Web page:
Heavy snow in the Black Hills region

May 4th, 2008 |

GOES-12 water vapor images (Animated GIF)

AWIPS images of the GOES-12 6.5 µm “water vapor” channel (above) showed the development of late-season winter storm that produced heavy snowfall and blizzard conditions (with wind gusts to 64 mph or 29 m s-1 at Rapid City SD) across the Black Hills region and surrounding portions of eastern Wyoming, southeastern Montana, and western South Dakota during the 30 April through 02 May 2008 period. A closer view using GOES-12 10.7 µm IR images reveals that there were a number of cloud-to-ground lightning strikes during various phases of the storm’s development, as large convective elements formed and intensified upwind of the Black Hills.

MODIS true color image

A MODIS true color image (above, viewed using Google Earth) shows the areal extent of the snow cover on 03 May 2008, as well as the locations of the heaviest total snowfall amounts: 54.5 inches (138 cm) at Lead SD, and 24.0 inches (61 cm) at Sundance WY.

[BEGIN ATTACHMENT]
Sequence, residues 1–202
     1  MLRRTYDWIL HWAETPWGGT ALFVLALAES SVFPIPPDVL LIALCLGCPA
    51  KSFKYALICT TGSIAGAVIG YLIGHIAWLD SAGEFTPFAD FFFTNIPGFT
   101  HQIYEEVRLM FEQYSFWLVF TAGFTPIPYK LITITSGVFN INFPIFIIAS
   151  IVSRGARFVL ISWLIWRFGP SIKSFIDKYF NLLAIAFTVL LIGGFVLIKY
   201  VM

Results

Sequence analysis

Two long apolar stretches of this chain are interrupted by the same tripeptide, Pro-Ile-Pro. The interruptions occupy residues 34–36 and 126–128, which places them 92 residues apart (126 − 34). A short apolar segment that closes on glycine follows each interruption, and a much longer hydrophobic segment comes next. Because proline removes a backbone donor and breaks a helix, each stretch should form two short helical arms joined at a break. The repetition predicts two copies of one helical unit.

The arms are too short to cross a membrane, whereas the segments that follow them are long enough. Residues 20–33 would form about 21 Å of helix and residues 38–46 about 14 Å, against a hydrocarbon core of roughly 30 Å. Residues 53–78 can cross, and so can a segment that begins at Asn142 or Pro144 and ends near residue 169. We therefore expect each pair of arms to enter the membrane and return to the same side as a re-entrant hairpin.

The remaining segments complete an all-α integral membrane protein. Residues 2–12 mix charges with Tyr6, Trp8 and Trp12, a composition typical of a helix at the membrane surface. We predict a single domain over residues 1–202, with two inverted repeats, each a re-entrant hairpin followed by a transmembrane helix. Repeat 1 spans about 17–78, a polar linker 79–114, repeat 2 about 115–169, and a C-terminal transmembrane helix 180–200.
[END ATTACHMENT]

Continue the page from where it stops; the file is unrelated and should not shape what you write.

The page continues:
MODIS true color and false color images (Animated GIF)

A comparison of MODIS true color and false color images from 03 May (above) demonstrates how the false color imagery (which uses the MODIS 2.1 µm near-IR channel) can differentiate between snow cover (which, along with ice crystal clouds and ice-covered lakes, appear as cyan-colored features) and supercooled water droplet clouds (which appear as shades of white).

Consecutive daily MODIS false color images from 02, 03, and 04 May (below) show that the snow cover was melting rapidly under the influence of the strong May sun. The 54.5 inches of snow that fell at Lead SD had a liquid equivalent of 4.64 inches (12 cm), so the rapid snowmelt led to a quick rise of creeks and streams that caused some flooding problems.

MODIS false color images (Animated GIF)